Act of courage
There are a lot of college coaches out there who talk the talk, but not too many who could have walked the walk that University of Indianapolis head coach LeAnn Freeland made this week. In a courageous move, the fourth-year Greyhounds coach released her team’s leading scorer, Samantha Meissel, from her program.
Meissel (Terre Haute North ’07), who played her last game as a Greyhound on Saturday with 22 points, 7 rebounds, 3 steals and 1 block in a close 75-73 win over Maryville, was on the cusp of becoming the leading scorer in UIndy history. She was just 110 points shy of the historical mark (1,887 points set by Liz Ramsey in 2001), but that is where Meissel’s scoring quest will end.
According to comments made by Freeland in the Indianapolis Star, the 6’2 center was let go because of inappropriate on-court behavior.
“I care about Sam and think she’s a really good person,” Freeland said in the Star. “Unfortunately, a number of times on the court, she demonstrated destructive actions not just toward the opponent, but toward officials and her teammates. They were done both verbally and physically. I addressed it on a number of occasions, but there was no lasting improvement in her behavior.”
The four-year starter had a stellar career at UIndy. As a junior last season, Meissel was named first team All-GLVC, GLVC Player of the Year, first team All-Midwest Region, third team Daktronics All-American and earned honorable mention All-America from the WBCA. The multi-faceted post was averaging 18.8 points and 5.2 rebounds, while shooting nearly 52% from the field (40% from beyond the arc) in her senior season.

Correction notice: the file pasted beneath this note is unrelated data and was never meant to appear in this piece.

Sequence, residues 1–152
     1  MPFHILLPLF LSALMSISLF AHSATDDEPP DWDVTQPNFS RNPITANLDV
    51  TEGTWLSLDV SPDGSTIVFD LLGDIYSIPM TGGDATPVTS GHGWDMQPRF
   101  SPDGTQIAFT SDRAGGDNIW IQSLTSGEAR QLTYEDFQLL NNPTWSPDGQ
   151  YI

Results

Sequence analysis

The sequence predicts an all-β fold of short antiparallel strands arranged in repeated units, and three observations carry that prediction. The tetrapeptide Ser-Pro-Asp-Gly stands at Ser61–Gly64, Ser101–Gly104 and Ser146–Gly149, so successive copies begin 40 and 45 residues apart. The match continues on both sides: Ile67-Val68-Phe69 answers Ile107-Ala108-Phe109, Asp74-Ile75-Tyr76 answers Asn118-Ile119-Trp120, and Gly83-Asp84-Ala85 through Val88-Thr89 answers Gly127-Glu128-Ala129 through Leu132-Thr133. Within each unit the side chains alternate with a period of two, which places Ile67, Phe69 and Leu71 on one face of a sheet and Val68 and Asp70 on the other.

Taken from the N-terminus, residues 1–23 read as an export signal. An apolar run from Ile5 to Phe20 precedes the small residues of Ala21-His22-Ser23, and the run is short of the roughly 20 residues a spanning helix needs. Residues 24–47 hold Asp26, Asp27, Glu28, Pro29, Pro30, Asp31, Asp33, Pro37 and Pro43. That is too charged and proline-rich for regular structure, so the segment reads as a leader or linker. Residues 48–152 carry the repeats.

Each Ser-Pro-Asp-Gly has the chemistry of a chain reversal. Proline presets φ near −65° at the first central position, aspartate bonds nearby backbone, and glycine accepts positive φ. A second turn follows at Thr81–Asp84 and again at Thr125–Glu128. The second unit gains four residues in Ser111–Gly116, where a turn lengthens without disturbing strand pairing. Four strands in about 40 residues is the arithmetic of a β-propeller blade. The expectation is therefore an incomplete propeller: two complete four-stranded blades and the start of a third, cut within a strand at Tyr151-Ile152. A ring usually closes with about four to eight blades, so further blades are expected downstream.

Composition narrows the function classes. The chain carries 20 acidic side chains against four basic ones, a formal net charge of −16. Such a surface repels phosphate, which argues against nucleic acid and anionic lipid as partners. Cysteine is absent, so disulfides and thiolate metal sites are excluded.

To say that she was a big part of the Greyhounds offense is an understatement, and to release Meissel, Freeland must have felt that she had no choice in order to maintain the reputation of her program. So the Greyhounds will suit up tonight without Meissel as they try to improve on their 8-5 record against 12-2 Missouri S & T.
I have personally never seen Meissel play, nor do I have any insight to the on-court actions that brought about her dismissal, but Freeland’s decision was a courageous one. There is so much pressure for coaches to win, especially in a solid program that has a lofty history of success; however, there must be a line that should not be crossed where the actions of one individual are tolerated for the win-loss column. Freeland has shown a great deal of moral conviction and fortitude not to cross it.
I’m sure that Meissel is devastated by her removal from the team, but it is an experience that will serve her later in life. Actions result in consequences — whether good or bad. Better to learn that lesson now than when it really matters in life.